The Dolliver Romance
Another Fragment Of The Dolliver Romance
"Be secret!" and he kept his stern eye fixed upon him, as the coach began to move.
"Be secret!" repeated the apothecary. "I know not any secret that he has confided to me
thus far, and as for his nonsense (as I will be bold to style it now he is gone) about a
medicine of long life, it is a thing I forget in spite of myself, so very empty and trashy it
is. I wonder, by the by, that it never came into my head to give the Colonel a dose of the
cordial whereof I partook last night. I have no faith that it is a valuable medicine--little or
none--and yet there has been an unwonted briskness in me all the morning."
Then a simple joy broke over his face--a flickering sunbeam among his wrinkles--as he
heard the laughter of the little girl, who was running rampant with a kitten in the kitchen.
"Pansie! Pansie!" cackled he, "grandpapa has sent away the ugly man now. Come, let us
have a frolic in the garden."
And he whispered to himself again, "That is a cordial yonder, and I will take it according
to the prescription, knowing all the ingredients." Then, after a moment's thought, he
added, "All, save one."
So, as he had declared to himself his intention, that night, when little Pansie had long
been asleep, and his small household was in bed, and most of the quiet, old-fashioned
townsfolk likewise, this good apothecary went into his laboratory, and took out of a
cupboard in the wall a certain ancient-looking bottle, which was cased over with a net-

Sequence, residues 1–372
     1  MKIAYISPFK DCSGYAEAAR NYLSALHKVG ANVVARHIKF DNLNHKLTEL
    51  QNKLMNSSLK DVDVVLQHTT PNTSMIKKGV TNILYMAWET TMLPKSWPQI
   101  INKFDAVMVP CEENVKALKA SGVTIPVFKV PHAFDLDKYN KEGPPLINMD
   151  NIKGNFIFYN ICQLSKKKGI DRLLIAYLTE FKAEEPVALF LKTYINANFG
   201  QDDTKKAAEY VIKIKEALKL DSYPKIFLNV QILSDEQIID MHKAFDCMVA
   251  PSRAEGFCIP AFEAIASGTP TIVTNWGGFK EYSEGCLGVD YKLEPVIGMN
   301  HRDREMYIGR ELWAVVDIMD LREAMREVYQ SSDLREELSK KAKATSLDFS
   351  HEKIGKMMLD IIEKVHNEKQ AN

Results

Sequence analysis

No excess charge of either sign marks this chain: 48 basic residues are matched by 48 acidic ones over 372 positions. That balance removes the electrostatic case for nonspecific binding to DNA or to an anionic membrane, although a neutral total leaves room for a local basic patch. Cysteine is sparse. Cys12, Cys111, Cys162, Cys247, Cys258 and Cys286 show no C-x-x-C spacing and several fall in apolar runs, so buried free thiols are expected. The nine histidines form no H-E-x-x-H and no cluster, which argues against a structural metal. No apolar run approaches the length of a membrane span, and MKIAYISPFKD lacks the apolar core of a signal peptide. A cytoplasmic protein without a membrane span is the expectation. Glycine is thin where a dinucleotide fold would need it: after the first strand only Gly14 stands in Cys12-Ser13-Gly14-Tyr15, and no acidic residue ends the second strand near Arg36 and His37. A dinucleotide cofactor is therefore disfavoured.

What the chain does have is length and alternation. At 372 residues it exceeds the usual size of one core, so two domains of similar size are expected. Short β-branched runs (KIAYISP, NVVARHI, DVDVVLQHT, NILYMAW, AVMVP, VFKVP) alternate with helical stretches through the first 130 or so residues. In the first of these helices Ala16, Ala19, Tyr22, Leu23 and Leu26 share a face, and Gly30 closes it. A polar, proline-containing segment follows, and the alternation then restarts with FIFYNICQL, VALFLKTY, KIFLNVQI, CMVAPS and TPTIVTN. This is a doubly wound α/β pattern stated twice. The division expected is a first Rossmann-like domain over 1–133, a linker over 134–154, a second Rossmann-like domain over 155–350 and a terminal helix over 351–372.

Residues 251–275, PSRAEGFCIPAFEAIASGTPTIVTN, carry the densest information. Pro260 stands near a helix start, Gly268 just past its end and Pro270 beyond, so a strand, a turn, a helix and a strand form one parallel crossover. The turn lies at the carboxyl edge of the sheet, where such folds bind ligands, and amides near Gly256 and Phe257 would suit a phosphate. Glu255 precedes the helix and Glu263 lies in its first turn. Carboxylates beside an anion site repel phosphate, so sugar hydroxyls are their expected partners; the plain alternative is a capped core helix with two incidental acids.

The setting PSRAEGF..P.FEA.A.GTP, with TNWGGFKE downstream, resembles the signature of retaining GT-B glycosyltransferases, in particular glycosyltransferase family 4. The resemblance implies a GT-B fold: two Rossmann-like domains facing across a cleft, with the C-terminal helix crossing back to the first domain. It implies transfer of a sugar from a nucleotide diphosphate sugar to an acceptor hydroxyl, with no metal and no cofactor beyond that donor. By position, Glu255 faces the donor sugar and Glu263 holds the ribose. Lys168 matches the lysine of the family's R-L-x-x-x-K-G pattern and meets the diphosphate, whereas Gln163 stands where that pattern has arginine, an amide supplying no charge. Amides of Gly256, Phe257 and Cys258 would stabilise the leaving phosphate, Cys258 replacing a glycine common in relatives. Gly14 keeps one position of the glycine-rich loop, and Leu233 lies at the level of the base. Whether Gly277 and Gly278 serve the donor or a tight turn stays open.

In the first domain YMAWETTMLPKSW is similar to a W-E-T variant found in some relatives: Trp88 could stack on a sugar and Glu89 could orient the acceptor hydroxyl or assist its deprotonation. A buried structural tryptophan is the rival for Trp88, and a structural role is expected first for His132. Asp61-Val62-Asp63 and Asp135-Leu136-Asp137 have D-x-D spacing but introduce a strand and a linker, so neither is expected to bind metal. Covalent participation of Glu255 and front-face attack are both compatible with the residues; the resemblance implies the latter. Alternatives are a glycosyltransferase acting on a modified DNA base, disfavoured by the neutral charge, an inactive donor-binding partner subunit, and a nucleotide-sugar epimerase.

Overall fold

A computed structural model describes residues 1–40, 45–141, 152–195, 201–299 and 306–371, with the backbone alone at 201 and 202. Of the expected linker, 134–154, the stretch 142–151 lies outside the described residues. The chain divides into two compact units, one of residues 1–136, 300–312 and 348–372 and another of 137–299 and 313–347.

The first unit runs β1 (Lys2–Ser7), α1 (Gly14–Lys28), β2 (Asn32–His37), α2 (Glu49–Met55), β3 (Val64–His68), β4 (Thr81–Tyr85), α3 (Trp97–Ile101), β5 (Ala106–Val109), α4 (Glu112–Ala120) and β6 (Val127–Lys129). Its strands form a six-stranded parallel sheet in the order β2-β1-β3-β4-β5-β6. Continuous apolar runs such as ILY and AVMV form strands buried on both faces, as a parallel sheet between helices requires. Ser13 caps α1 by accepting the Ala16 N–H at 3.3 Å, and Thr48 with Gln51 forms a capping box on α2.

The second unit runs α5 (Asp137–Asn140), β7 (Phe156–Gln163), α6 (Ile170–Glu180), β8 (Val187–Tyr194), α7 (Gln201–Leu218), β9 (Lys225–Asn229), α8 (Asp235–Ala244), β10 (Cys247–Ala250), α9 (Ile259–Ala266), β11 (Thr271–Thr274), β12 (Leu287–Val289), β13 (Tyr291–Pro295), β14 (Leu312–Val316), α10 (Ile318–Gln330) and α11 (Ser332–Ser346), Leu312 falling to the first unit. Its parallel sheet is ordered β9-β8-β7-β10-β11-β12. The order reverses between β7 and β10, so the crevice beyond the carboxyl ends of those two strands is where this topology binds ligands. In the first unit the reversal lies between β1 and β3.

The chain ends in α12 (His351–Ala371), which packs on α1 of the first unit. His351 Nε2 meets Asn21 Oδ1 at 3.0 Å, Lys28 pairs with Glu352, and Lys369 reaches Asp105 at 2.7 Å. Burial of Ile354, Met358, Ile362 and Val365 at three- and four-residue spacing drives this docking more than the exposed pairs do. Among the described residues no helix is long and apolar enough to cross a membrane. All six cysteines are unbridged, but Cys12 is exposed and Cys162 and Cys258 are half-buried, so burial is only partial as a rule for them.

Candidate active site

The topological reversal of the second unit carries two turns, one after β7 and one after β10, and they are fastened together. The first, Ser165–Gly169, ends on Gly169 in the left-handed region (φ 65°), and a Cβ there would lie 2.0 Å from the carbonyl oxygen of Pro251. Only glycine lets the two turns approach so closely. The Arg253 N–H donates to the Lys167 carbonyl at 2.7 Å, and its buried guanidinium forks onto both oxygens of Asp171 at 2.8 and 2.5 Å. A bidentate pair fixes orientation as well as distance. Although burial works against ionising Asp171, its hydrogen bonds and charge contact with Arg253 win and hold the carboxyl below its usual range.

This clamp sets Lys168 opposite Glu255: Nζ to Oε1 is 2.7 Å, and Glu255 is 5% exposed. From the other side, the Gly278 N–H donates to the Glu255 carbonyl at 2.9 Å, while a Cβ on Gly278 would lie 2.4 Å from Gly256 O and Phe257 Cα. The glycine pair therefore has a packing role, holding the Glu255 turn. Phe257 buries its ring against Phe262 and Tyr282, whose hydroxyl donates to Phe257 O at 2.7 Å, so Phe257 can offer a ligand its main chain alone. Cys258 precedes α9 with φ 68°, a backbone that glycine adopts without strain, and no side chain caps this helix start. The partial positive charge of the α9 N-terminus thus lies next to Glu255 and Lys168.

work of what seemed to be woven silver, like the wicker-woven bottles of our days. He
had previously provided a goblet of pure water. Before opening the bottle, however, he
seemed to hesitate, and pondered and babbled to himself; having long since come to that
period of life when the bodily frame, having lost much of its value, is more tenderly cared
for than when it was a perfect and inestimable machine.
"I triturated, I infused, I distilled it myself in these very rooms, and know it--know it all--
all the ingredients, save one. They are common things enough--comfortable things--some
of them a little queer--one or two that folks have a prejudice against--and then there is
that one thing that I don't know. It is foolish in me to be dallying with such a mess, which
I thought was a piece of quackery, while that strange visitor bade me do it,--and yet, what
a strength has come from it! He said it was a rare cordial, and, methinks, it has brightened
up my weary life all day, so that Pansie has found me the fitter playmate. And then the
dose--it is so absurdly small! I will try it again."
He took the silver stopple from the bottle, and with a practised hand, tremulous as it was
with age, so that one would have thought it must have shaken the liquor into a perfect
shower of misapplied drops, he dropped--I have heard it said--only one single drop into
the goblet of water. It fell into it with a dazzling brightness, like a spark of ruby flame,
and subtly diffusing itself through the whole body of water, turned it to a rosy hue of